ACLED Regional Overview – Africa (23 July 2018)
Key developments in Africa in the week of July 15th include increased attacks by Boko Haram in several states surrounding Nigeria, and targeted political violence in Zimbabwe and Burundi. Regular fighting also occurred in Somalia, Mali, CAR and DRC, while riots and protests dominated the political landscapes in Ghana, Kenya and North Africa.
In Chad, Boko Haram carried out an attack on civilians at the village of Daboua in the Lac region, reportedly killing 18 people and abducting 10 women. Boko Haram had only been involved in two battles against the state forces so far in 2018, also in the Lac region. In Cameroon, Boko Haram militants also attacked civilians on three occasions in the Geldavi area of Mayo-Tsanaga, Nord-Ouest, between July 16th-21st. In Niger, they attacked a military position in the area of Baroua in Diffa. In Nigeria, they carried out two large-scale attacks on the Nigerian forces in the Bama and Jilli areas of Borno state over July 13-14th, after over a hundred soldiers were reported to have been missing and the Jilli base captured. The military denied the first attack in Bama but retaliated two days later by attacking a Boko Haram base in the area, reportedly killing 22.
The week of July 15th was also marked by several incidents of targeted political violence. As Zimbabweans head to the polls to elect their new president in a week, violence and threats between the rival parties have continued sporadically. On July 16th for instance, soldiers in Harare beat activists of the Alliance faction of the Movement for Democratic Change, leaving them with severe injuries. In Burundi, tensions continue to run high in the post-constitutional referendum period. The Ruyigi, Makamba, Kirundo and Gitega provinces are in a state of high alert after nearly daily incidents of violence against civilians and harassment and intimidation by Imbonerakure youth over the past three weeks. Reports note that the Imbonerakure youths are already setting up security checkpoints in Ngozi province to collect contributions for the 2020 elections.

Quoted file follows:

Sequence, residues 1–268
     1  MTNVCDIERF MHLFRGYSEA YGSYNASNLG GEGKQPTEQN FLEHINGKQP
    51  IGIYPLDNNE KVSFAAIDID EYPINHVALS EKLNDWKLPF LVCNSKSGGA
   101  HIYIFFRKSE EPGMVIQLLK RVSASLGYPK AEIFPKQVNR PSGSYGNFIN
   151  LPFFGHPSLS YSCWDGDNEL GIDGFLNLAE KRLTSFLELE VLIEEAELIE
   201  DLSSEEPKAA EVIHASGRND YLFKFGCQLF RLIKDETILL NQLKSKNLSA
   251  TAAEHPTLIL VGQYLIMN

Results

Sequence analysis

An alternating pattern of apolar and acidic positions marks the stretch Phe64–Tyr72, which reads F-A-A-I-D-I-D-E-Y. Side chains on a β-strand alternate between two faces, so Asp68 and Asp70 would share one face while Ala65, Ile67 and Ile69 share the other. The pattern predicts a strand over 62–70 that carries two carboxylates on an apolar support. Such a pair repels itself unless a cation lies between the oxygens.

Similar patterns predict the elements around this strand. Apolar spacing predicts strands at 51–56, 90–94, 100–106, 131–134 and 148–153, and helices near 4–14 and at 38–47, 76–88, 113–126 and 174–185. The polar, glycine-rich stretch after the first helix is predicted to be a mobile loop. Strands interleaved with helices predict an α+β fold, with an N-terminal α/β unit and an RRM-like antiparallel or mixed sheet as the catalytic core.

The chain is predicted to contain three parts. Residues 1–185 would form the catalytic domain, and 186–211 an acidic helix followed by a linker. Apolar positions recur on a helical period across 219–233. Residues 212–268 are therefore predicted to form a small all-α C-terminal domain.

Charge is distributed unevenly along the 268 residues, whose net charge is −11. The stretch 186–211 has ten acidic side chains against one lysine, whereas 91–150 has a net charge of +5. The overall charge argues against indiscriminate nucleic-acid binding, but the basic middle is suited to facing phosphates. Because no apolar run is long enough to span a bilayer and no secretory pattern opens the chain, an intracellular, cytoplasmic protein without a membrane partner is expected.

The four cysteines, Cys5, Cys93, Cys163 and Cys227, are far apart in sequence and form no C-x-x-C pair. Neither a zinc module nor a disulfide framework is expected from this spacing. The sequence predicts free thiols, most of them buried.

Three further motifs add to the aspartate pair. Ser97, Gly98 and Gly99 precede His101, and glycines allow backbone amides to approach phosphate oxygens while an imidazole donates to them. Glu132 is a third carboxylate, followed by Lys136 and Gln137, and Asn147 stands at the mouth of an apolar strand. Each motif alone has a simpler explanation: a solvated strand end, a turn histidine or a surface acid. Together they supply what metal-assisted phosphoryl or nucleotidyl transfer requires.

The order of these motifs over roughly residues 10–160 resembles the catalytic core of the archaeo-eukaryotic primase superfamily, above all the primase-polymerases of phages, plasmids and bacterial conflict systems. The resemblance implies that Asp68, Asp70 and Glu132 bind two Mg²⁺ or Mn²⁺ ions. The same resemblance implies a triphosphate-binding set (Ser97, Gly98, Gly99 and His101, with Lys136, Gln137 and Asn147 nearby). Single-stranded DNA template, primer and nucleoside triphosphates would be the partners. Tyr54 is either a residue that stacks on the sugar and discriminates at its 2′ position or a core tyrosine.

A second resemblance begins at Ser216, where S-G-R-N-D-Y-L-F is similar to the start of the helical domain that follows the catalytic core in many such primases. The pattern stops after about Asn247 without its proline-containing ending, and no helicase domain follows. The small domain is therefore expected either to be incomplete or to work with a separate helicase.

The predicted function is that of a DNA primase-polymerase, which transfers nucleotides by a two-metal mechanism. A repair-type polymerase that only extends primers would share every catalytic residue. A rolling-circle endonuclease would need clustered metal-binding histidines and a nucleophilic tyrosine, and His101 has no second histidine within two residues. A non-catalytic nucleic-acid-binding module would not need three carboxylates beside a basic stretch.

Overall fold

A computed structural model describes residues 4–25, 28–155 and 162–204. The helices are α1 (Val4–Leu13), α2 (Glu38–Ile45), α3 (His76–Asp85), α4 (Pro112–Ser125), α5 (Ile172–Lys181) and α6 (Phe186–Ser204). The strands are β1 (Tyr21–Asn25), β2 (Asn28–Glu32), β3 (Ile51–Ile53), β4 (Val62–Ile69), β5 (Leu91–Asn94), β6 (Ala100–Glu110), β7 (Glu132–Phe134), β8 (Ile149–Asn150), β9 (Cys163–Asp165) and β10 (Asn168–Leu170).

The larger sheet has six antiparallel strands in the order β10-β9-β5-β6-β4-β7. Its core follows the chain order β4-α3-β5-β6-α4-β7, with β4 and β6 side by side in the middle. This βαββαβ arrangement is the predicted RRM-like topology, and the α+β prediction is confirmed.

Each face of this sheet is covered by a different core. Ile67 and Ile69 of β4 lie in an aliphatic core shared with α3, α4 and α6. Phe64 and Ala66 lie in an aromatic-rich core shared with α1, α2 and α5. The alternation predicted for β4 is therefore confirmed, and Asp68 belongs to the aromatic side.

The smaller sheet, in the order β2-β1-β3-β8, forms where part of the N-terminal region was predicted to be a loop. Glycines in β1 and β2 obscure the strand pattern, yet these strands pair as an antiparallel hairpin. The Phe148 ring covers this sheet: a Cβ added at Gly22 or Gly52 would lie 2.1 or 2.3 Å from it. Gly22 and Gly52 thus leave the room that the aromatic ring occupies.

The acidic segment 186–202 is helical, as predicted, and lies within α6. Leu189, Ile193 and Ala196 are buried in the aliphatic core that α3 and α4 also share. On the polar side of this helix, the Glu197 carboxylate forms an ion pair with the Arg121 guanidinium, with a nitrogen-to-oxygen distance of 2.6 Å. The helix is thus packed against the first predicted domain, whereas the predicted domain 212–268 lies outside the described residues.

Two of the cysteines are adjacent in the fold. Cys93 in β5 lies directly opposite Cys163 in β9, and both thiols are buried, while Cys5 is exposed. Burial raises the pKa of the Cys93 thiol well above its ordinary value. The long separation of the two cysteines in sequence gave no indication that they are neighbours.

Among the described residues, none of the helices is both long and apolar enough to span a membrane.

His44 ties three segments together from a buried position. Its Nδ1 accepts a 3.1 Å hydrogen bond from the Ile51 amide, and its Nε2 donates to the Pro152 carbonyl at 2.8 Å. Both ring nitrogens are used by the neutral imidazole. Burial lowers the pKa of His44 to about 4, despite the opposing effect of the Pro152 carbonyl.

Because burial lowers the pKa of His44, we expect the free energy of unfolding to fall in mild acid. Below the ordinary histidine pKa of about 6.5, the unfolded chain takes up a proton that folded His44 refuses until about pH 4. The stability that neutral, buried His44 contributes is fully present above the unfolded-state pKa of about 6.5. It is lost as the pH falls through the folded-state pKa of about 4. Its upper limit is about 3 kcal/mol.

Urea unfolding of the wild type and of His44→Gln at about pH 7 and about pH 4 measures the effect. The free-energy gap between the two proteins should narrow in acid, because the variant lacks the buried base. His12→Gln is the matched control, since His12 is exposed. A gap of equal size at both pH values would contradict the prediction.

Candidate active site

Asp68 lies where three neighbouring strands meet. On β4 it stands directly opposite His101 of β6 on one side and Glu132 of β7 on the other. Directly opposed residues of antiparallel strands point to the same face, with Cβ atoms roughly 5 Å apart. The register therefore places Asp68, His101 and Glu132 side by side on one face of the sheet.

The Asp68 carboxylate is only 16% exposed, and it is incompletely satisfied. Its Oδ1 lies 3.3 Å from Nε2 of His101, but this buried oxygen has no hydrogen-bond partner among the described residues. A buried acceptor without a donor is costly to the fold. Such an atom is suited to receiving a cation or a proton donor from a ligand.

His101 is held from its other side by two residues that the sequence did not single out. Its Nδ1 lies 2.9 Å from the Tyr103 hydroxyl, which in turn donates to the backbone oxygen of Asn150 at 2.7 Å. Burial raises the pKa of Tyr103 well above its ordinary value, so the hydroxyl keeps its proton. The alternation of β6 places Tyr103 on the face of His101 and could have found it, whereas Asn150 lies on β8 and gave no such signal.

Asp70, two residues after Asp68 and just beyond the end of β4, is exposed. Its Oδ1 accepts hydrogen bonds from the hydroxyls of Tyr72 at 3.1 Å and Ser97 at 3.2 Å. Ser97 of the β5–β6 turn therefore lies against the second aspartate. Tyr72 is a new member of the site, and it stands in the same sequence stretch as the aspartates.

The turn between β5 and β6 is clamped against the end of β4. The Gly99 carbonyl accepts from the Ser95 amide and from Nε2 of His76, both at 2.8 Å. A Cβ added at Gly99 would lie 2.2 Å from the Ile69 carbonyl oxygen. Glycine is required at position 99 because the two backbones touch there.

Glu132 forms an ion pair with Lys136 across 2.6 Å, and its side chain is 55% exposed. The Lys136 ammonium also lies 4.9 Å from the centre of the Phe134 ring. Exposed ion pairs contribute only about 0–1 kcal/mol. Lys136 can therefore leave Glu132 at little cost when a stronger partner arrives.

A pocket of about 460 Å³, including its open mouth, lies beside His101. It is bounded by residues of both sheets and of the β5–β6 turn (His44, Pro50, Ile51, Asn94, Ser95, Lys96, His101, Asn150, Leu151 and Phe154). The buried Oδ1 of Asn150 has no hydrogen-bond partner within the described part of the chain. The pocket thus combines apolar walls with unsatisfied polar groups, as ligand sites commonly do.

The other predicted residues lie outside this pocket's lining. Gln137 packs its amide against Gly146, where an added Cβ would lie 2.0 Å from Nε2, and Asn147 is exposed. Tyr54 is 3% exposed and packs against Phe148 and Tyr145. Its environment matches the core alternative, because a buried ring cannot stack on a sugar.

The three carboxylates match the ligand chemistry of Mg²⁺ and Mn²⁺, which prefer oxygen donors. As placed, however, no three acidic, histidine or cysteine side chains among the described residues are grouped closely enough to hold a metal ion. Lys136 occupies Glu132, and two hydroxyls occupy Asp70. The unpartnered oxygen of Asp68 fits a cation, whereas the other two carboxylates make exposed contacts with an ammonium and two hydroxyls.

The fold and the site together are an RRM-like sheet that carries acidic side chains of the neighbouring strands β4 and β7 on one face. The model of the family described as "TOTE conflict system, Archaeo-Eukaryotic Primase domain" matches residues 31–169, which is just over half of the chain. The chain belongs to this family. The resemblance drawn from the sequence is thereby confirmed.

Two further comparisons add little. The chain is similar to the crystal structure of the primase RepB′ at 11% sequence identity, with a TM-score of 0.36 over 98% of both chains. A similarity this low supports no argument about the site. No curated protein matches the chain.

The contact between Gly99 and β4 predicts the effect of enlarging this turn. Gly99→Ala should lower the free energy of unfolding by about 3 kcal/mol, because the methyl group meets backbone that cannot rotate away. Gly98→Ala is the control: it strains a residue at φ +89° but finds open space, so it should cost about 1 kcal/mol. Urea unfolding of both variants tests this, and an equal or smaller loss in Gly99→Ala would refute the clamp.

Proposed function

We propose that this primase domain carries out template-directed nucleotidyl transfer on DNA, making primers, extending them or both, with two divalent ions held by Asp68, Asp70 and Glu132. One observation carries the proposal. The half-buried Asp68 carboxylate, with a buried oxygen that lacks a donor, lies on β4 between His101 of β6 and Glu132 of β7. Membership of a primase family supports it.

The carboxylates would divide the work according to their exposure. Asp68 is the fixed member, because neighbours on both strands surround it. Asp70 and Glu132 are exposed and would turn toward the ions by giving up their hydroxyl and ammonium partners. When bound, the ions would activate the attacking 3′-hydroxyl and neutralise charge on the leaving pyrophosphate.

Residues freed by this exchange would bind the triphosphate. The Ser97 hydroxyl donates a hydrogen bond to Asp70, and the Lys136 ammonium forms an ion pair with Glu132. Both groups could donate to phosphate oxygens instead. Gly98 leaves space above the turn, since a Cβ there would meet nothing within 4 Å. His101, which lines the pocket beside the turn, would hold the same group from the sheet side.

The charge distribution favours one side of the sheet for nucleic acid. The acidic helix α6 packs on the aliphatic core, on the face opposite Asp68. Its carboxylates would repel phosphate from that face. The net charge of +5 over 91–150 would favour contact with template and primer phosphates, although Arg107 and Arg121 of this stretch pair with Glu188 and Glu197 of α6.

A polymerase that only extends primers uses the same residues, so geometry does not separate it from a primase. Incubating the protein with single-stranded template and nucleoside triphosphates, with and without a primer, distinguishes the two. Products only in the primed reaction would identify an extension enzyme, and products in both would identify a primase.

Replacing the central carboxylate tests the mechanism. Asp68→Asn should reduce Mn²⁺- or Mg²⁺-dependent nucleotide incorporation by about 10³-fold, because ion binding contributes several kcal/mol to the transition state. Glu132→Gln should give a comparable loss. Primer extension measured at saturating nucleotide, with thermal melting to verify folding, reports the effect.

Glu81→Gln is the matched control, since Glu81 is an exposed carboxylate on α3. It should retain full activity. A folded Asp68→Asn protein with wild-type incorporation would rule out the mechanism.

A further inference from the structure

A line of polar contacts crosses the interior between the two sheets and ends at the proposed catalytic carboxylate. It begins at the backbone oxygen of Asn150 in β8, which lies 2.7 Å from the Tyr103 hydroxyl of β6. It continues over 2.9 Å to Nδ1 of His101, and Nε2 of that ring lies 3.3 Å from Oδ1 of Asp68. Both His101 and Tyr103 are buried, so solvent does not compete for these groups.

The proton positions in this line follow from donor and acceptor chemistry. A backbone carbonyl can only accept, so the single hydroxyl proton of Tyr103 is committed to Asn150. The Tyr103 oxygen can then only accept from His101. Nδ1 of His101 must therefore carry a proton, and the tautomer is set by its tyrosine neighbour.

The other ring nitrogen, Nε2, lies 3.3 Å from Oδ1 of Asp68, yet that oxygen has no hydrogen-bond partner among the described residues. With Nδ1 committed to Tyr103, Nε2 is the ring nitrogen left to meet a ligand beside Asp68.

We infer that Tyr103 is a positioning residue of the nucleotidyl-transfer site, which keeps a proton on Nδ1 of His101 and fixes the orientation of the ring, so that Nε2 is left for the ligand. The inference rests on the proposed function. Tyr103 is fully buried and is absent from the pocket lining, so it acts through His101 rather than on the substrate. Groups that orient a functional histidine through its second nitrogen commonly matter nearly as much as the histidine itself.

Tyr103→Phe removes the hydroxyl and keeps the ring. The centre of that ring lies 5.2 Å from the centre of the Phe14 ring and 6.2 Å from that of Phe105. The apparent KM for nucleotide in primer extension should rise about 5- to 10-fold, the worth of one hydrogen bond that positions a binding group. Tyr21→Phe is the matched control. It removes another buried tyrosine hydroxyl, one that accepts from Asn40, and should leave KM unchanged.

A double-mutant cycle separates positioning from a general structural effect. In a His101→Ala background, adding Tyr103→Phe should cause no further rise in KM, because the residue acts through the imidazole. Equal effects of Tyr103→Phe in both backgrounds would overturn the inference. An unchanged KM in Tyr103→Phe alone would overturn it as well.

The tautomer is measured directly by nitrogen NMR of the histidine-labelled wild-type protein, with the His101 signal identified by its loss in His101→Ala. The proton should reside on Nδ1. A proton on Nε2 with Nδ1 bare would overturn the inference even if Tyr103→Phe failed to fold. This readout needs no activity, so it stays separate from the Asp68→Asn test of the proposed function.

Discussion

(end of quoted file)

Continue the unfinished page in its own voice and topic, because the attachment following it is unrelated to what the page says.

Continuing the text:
Elsewhere in Africa, regular fighting was reported in Somalia, Mali, the Central Africa Republic (CAR) and the Democratic Republic of Congo (DRC). Al Shabaab targeted Somali security forces and government officials in several hit-and-run attacks throughout the week of July 15th, particularly in Mogadishu (Kahda, Wadajir, Heliwa, Xamar Jaabjab and Bondhere neighborhoods) and in Lower Shabelle. The militants also reportedly began forced child recruitment in Middle Shabelle, sparking off clashes with locals. Meanwhile, the Somali state forces used overwhelming force in their response to protests and other civilian activities in Mogadishu. In Mali, heavy fighting continued over July 18-19th between the Imghad Tuareg and Allies Self‐Defense Group (GATIA) and militants of the Islamic State and Group for Support of Islam and Muslims (JNIM) in Gao and Menaka cercles. In one ambush on a GATIA convoy in Tidimbawen, 16 militiamen and four civilians were reportedly killed.
The period July 18-19th in CAR was also marred by violence between PK5 and KM5 militias in the capital Bangui; as well as by fighting between the Anti-Balaka and the MINUSCA and Union for Peace (UPC) forces in Pombolo in Mbomou prefecture. Finally, in DRC, fighting resumed between the Alliance of Patriots for a Free and Sovereign Congo (APCLS) and the Guidon faction of the Nduma Defence of Congo (NDC) over territory control in Masisi.
Other relevant developments on the week of July 15th included the confirmed draw-down of UNAMID forces from Sudan’s Darfur. This is occurring in the context of continued fighting between the government and Darfur rebel groups and unceasing attacks on civilians by the paramilitary Rapid Support Forces (RSF). But also the three days of unrest in Ghana’s Ashanti region after police forces killed seven well-known members of the Zongo community and members of the New Patriotic Party (NPP) over alleged robbery; the student riots in Kenya over school management and exams, which have occurred across several areas already since the beginning of July; and the protests over electricity and water cuts in southern Algeria, Libya, and Tunisia.